I was a bit surprised by the question, because it often feels to me that I'm always talking about that these days. But, I've realized that that's only true with a small number of people - I've had some sporadic, and some ongoing, conversations with some people, but there's no way that many others would really know what I believe.
I've been meaning to write specifically about it, but it's hard - as much as I talk about it, trying to get it down into a cogent, relatively concise form is tricky. I'll do it, but I'm not sure exactly how or when. Maybe I'll make a series out of it, here on this blog.
But, interestingly, I came across an article a couple of days ago by Andrew Sullivan. Sullivan is a relatively well known writer, and it turns out that he's also a very devout, but very non-literal believer. He obviously views Jesus much differently than I do, but a great deal of what he says resonates strongly with me:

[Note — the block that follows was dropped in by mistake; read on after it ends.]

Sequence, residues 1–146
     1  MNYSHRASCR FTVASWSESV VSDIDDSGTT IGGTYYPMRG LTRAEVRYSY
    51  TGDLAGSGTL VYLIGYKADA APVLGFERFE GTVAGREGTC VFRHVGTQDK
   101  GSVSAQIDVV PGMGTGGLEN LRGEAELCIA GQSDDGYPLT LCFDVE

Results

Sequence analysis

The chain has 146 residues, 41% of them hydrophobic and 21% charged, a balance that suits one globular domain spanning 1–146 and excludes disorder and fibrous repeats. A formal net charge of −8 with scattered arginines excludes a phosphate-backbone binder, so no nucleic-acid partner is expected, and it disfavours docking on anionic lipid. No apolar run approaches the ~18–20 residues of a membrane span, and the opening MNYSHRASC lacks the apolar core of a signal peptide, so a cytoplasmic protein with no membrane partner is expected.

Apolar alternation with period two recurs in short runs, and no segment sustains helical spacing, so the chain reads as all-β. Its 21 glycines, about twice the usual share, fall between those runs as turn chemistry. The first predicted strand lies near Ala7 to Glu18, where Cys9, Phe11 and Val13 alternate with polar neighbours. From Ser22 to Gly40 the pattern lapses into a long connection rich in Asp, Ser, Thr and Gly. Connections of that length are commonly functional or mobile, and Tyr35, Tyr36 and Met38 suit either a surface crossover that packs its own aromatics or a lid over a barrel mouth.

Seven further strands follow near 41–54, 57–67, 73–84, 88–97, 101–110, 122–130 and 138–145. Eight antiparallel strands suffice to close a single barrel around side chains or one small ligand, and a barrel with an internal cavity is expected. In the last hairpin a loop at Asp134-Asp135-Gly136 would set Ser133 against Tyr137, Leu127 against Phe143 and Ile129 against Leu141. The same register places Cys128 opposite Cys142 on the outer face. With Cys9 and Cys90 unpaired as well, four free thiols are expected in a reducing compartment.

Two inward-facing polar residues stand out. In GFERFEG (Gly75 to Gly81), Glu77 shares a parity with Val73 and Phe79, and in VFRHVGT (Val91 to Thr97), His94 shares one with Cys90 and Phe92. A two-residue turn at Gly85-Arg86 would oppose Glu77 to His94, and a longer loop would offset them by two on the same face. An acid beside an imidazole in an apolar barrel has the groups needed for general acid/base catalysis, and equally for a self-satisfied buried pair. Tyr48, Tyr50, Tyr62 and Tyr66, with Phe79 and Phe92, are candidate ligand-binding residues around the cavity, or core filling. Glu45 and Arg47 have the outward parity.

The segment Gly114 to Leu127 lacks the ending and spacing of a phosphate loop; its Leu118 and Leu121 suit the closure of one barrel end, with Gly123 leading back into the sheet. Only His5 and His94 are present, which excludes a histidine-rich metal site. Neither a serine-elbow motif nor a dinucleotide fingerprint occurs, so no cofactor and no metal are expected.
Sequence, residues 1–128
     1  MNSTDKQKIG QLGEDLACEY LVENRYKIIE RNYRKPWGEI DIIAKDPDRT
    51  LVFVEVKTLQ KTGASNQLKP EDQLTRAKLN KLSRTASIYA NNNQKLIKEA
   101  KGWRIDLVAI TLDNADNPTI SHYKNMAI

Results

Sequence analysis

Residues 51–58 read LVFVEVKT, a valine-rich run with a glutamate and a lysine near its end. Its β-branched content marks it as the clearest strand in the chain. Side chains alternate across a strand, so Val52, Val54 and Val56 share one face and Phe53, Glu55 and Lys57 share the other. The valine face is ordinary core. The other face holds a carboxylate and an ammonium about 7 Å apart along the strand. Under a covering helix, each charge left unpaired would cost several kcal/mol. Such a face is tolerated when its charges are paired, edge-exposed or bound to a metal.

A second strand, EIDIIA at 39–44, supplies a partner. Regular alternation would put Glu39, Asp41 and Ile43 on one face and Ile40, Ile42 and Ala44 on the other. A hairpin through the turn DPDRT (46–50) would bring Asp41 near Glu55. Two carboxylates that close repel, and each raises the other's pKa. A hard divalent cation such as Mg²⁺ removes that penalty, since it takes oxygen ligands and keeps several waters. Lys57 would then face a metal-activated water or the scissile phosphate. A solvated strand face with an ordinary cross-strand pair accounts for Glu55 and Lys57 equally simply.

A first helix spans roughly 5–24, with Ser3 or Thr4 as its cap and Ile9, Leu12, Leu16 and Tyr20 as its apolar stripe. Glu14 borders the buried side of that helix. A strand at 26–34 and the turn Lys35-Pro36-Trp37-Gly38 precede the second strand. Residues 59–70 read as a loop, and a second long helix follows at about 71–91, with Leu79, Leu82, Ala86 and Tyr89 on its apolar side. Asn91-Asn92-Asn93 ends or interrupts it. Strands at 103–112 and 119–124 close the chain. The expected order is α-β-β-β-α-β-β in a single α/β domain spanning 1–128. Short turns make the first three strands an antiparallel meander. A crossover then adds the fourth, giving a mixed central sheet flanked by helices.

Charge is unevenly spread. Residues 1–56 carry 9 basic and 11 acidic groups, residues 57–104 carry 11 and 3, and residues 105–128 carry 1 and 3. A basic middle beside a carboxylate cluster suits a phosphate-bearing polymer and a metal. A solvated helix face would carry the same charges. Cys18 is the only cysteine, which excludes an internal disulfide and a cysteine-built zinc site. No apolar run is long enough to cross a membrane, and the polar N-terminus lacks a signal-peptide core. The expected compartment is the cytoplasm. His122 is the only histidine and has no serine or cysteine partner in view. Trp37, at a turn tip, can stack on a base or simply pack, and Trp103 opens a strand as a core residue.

Nonbelievers need to let go of anthropocentric, grey-bearded beings in the sky for God itself, the highest consciousness of all, and the force that gives this staggering beauty, available to us all, love.
This kind of belief is criticized on several levels. The most common, although it comes in various forms, is that it's not valid in whatever religion we're talking about - it's heresy. It's a new, convenient way to think that has nothing to do with this ancient tradition. But, there are at least two very important responses to that. First of all, it's not new. People of (nearly?) all religions have been thinking this way for centuries:
Go read the Nicene Creed. Then try to understand it. You can do so with a nineteenth century literalism; or you can do so in manifold ways that have varied throughout the centuries. They are flawed human words trying to express the inexpressible; language to convey the ineffable.
But, maybe more importantly, we have the second response: so what? So what if it's heresy.
Look, I love Judaism, and I think that our tradition is an inexhaustible source of mening and inspiration. But, just because something is Jewish, or is old, doesn't make it true. My goal in a religious life is to uncover truth. If that truth comes from tradition, then that's wonderful - there are many advantages to finding truth in tradition. But, if that truth is novel, then so be it. Truth is truth.
Seeking God is seeking truth. That much, I believe, has always been true.